Cloud Computing – an Introduction

When I started my career, analyzing and finalizing hardware needs for deployments was a major task and had to be taken up months before actual production deployments. Hardware was costly. Though we had providers which would provide machine virtually, you would need to decide the requirements beforehand as once you procured a machine, you had to pay at least a month’s rent. And if you decide to upgrade or downgrade the server machine, it was a painful manual task.

Just imagine what a nightmare it would have been to scale up during a surge in requests. You had to foresee it, plan for it, arrange hardware for it (monthly rents).

With the cloud, things have changed for the better. You have a pay as you go model, so you actually pay for the usage of hardware only. With autoscaling features inbuilt into the cloud infrastructure, it is easy to increase or decrease compute power without any human intervention. Setting up databases and scaling them is another area which the cloud takes care for us. Most of the cloud service providers support both relational and NoSQL databases in an easy to use manner.

Security, access management, monitoring, encryption, and storage are some of the other services which are provided by cloud services providers of the shelf. Another popular set of services off-late is serverless compute. This means one can write code directly which can be run as functions on the cloud, without worrying about the deployment details completely. Cloud provider is responsible for scaling and maintaining such functions. This is in sync with the microservice approach where each function can behave as an independent microservice.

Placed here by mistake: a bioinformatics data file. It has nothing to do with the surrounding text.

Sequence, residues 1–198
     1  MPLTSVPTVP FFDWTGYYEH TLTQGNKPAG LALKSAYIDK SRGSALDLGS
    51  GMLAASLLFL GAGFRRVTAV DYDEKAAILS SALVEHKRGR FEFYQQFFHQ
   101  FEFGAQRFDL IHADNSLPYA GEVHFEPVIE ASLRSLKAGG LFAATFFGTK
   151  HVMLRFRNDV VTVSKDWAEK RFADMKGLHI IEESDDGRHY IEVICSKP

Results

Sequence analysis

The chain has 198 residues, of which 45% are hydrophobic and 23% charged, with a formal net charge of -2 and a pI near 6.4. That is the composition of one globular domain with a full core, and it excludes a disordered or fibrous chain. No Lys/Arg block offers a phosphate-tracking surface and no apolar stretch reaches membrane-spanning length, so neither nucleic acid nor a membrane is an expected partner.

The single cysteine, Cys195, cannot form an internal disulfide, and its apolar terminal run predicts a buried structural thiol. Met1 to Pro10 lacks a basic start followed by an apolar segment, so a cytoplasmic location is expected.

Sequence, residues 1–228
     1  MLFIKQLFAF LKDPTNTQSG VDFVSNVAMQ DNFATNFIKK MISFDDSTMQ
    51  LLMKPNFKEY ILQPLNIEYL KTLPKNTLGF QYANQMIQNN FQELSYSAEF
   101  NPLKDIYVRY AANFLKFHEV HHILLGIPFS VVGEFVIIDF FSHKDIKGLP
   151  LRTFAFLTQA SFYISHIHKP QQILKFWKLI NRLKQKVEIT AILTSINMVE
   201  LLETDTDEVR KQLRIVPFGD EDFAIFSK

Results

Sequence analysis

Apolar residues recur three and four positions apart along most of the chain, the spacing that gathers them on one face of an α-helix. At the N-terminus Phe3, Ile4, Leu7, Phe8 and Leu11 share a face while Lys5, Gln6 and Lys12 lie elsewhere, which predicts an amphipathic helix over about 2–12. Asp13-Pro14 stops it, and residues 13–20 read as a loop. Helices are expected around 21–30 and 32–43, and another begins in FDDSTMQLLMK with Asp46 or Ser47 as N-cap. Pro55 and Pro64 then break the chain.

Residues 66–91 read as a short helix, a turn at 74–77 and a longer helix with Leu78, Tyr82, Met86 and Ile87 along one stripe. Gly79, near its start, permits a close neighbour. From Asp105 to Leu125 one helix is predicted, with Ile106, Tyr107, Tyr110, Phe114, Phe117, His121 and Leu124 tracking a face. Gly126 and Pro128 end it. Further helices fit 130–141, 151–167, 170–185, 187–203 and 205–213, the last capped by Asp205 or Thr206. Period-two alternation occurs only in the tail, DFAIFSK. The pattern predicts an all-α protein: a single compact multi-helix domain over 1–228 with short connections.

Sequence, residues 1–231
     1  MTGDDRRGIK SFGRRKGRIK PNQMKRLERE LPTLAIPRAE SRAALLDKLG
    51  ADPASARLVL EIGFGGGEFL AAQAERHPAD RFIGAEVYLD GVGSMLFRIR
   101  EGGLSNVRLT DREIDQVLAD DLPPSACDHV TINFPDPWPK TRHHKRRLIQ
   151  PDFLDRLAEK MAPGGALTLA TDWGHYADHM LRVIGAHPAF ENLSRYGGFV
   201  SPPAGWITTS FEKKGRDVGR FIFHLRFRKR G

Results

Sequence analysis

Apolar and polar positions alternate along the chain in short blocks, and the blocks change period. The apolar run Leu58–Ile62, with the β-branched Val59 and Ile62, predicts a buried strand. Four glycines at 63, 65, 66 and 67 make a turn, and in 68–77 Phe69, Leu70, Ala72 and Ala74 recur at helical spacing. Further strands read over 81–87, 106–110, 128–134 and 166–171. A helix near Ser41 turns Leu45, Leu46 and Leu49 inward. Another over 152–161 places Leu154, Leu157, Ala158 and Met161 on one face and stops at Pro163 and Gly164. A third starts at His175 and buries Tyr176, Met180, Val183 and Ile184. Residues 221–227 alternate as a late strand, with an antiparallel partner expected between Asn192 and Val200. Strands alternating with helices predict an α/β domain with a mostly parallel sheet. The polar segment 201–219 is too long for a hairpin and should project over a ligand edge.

With one’s mind taken away from hardware details, it is easier for software engineers to focus on building quality products. But it is important that we design our products in a manner which are capable of taking advantage of cloud services. For example, it will be easier for a microservices-based application to autoscale in a cloud than a monolith application. A stateless service is easier to be deployed and scaled on cloud than stateful service. One still needs to take care of the fact which services are exposed on the internet and which should be exposed only to internal service. With the ease of deployment, it might be easier to mess up a running service, so proper automated and manual checks are required to be implemented.

Cloud, though makes things easier, but one needs to be cautious of using its capabilities and designing the system in a manner to make maximum use of services being provided